P.S. This is either an appropriate or inappropriate occasion to mention this, but my Commerce Corner is now up and running. Commerce Corner is an attempt at “monetizing” this website, to use a sanitary word for what the Car Talk Guys refer to on the radio as “shameless commerce.”

I have listed some books, CDs and other products that have been important to me in my practice of qigong; I will be adding others. If you click on any item, you will be taken to amazon.com, where you can learn more about the item and perhaps purchase it. If you purchase it this way, I will earn a small commission and my accountant and I will be grateful. I will never know who purchased what, if indeed anyone purchases anything, so there’s no pressure, not even for my friends.

4 Comments

Filed under About this blog, Commercial Qi, Ethics

4 responses to “The TAO of Journalism

  1. Here are some further thoughts about what the Tao is and what sort of deference we might owe to pinyin spelling.

    As to the Tao itself, let’s turn to the first chapter of that seminal work, the classic “Tao te Ching,” which introduces the subject by telling us that such an introduction is impossible:

    The Tao that can be spoken is not the eternal Tao
    The name that can be named is not the eternal name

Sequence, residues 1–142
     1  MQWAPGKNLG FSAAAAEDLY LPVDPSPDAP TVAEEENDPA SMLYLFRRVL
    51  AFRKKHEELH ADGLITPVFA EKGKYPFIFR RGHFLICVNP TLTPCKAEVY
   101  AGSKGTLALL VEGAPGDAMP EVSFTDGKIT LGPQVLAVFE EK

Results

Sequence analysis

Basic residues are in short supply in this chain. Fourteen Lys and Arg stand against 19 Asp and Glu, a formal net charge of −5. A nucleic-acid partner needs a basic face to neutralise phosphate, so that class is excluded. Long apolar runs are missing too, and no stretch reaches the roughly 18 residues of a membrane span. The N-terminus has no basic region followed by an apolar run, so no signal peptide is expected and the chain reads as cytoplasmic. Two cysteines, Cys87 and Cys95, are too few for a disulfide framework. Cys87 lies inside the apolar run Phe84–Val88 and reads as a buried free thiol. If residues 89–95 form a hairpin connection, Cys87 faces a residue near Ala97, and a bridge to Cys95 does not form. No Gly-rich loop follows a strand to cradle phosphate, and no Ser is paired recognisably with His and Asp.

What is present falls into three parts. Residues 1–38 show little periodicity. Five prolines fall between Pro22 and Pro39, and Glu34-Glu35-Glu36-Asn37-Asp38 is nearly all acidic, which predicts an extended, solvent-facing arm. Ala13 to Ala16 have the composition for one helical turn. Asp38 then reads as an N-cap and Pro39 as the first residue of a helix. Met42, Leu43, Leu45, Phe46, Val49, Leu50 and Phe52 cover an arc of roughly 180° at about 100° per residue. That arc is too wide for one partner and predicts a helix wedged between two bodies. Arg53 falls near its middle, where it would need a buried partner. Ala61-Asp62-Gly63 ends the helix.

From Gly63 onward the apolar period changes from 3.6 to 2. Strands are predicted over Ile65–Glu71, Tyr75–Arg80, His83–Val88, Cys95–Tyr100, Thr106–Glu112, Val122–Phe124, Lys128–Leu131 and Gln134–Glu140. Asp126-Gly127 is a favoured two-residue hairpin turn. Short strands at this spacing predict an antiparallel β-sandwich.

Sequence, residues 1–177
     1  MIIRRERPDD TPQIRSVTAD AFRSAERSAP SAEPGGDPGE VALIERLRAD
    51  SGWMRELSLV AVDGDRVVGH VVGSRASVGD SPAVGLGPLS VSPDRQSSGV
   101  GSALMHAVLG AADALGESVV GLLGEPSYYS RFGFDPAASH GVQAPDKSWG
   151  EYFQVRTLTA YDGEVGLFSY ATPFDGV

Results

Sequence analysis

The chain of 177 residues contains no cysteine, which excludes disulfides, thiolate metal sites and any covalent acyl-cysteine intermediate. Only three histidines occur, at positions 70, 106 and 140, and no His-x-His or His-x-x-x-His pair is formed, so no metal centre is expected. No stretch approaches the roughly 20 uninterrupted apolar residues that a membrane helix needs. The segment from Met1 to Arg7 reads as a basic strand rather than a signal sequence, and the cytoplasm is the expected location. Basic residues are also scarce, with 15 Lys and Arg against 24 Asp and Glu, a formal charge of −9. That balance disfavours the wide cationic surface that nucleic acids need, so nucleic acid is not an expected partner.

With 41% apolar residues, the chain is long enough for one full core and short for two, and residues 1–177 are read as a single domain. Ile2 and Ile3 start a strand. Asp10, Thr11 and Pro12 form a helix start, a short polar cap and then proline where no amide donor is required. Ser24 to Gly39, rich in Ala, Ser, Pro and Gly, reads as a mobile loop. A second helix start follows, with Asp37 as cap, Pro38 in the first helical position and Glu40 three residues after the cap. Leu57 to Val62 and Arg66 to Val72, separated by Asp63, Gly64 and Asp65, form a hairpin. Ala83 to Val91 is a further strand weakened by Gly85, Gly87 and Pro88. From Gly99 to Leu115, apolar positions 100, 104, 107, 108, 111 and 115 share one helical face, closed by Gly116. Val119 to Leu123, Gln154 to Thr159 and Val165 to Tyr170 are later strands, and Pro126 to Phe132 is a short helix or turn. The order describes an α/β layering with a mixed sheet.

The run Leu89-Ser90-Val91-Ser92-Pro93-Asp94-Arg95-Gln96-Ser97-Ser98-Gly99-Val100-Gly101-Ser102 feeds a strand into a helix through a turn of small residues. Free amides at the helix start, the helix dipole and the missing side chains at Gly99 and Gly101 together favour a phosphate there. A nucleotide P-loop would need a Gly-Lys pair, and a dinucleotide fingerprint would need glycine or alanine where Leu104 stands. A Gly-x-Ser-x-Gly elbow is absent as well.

The nameless is the origin of Heaven and Earth
    The named is the mother of myriad things
    Thus, constantly without desire, one observes its essence
    Constantly with desire, one observes its manifestations
    These two emerge together but differ in name
    The unity is said to be the mystery
    Mystery of mysteries, the door to all wonders

    This translation is from the website taoism.net. If it is not exactly as you recall, don’t be alarmed. Translating Chinese into English is difficult. I had a Unitarian friend who collected translations of this work and amused himself by reading selections out loud, just to show how they could come out so dramatically different. This friend, Bruce Leber, was not a Taoist, but sometimes I wonder if Taoist immortality — if it actually exists — might have been conferred on him when he died, if only to acknowledge that he spent more time with this sacred text than most self-proclaimed Taoists. (Among the many translations, my personal favorite is by Ursula K. Le Guin: “Lao Tzu : Tao Te Ching : A Book About the Way and the Power of the Way.” She finds a graceful way to avoid masculine assumption expressed in many other translations. This book is very readable.)

    If a journalist had written the above chapter, you could easily guess it would not fare well beneath the editor’s pencil. It reenforces my assertion that journalism is not Taoist, nor should it strive to be.